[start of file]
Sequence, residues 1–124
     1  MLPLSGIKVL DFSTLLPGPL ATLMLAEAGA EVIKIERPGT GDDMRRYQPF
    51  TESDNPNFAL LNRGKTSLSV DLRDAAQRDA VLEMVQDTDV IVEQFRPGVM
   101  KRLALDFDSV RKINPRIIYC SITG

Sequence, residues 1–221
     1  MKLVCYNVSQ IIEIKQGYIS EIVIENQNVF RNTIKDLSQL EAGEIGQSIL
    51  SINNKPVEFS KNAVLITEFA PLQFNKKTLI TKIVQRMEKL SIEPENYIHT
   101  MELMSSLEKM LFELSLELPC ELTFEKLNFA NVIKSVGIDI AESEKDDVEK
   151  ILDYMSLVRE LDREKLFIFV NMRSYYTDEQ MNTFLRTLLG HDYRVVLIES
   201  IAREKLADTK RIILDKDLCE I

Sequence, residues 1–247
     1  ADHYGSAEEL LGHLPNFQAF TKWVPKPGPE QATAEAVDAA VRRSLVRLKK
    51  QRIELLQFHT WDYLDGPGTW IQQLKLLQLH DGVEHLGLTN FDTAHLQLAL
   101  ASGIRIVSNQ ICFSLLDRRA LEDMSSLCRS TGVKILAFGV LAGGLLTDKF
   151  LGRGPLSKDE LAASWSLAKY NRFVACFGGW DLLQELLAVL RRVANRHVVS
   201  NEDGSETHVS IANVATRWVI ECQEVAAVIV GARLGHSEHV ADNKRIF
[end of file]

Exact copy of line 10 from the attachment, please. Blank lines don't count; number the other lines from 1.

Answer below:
   201  IAREKLADTK RIILDKDLCE I